Chaty, the woman who founded Las Pirámedes, came here from Guatemala City almost 30 years ago. She had a vision that she was supposed to open a spiritual center and she chose this location because of its three natural “pyramids” – the volcanos around the lake. Chaty is in her 60s (I think), physically slight, spry, and incredibly wry. She’s hilarious and she knows it. I’ve yet to see her wear anything but all white.

The grounds of the center is made up by three main areas which contain student residences, a garden, and a pyramid shaped temple. There are also a few houses for the half dozen people who make Las Pirámedes the amazing place that it is – Chaty’s two grown daughters, Pauly and Luly, and a few others.

Chaty has mentioned that San Marcos has grown with the pyramids. It seems that she was one of the first to feel the healing energy here and that in the 25 years since Las Pirámedes has opened, word has spread.

Most of the tourism in this little town is healing oriented. There’s a yoga center, at least two shamans, massage therapists, acupuncturists, and so on.  There’s a large community of English speaking residents from all over, a bunch of hotels, hostels, and restaurants, two cafes, and even a “health food store”:

Not quite Natural Grocers but nice to have

Not quite Natural Grocers

 

A day in the life of a moon course student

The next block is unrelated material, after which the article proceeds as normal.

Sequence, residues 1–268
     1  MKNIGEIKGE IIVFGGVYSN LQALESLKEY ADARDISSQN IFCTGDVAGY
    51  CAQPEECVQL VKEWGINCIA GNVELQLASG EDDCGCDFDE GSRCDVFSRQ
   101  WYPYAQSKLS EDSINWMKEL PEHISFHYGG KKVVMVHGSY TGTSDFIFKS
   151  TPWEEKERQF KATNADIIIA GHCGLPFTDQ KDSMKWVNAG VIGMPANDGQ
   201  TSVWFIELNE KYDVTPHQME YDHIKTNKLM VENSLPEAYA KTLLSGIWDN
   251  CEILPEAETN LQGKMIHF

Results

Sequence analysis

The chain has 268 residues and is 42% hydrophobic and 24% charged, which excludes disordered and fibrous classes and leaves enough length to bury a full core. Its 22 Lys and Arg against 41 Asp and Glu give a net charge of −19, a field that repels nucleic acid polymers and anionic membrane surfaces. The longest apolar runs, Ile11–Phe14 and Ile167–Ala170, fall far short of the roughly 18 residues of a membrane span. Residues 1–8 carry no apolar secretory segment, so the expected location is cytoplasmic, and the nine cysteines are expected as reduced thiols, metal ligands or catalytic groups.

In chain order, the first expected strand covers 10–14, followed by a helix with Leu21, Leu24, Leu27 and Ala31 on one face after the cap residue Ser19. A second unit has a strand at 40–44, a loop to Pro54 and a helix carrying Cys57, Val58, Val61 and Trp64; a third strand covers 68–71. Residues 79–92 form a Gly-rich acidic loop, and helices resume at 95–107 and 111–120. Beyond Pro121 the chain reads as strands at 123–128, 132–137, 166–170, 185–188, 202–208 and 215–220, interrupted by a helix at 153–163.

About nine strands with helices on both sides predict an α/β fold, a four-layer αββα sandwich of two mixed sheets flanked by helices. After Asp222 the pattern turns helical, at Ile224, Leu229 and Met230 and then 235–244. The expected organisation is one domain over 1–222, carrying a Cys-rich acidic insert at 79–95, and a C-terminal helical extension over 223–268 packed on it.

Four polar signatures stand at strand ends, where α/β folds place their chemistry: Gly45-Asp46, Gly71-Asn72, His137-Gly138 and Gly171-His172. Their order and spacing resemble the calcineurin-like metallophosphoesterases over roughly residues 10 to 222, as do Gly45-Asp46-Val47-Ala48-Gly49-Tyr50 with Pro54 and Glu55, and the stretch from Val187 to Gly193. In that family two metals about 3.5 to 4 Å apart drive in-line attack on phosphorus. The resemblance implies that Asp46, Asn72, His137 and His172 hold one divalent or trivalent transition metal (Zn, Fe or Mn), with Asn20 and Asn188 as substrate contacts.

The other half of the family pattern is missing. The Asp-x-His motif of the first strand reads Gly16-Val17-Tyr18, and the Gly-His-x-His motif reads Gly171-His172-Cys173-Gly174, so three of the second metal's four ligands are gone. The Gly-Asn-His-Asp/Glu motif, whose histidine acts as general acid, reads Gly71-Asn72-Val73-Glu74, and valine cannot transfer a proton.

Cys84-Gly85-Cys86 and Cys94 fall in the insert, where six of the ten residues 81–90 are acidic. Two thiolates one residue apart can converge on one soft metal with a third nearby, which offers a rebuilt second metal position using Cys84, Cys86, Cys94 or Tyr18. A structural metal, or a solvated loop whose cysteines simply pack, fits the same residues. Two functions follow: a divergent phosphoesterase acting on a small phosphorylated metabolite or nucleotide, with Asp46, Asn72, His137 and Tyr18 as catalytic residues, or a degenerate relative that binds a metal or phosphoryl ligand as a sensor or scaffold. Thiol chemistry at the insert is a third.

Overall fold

at Las Pirámedes del Ka

Now that you have an overview of where I am, let’s take a look at what I’m up to all day.

6am: Meditation

Try this meditation exercise. Here’s a timer (you don’t have to right-click, just click on it). Set it for 30 seconds, press start, and close your eyes and focus on your breath the whole time. You don’t have to breathe any special way, just think about your breathing and don’t think about anything else for 30 seconds. The timer will make a sound when it’s done.

Yes, really. Actually do it: close your eyes for 30 seconds right now and don’t think of anything.

Go ahead……..

 

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What do you think? Not that easy to think of nothing, right?

I realized as I was writing this that you may not know why I meditate, or, for that matter, what meditation is. Now that I think about it, I’m not sure I know what it is but I’ll take a stab at it.

As I see it, without looking it up online, meditation is the practice of helping the mind get still.  It’s called a “practice” because our minds don’t like to stop thinking, therefore we have to practice. My experience, and my impression from most people, even experienced ones, is that the majority of meditation is thinking thinking thinking (or as Chaty would say, takata-takata-takata).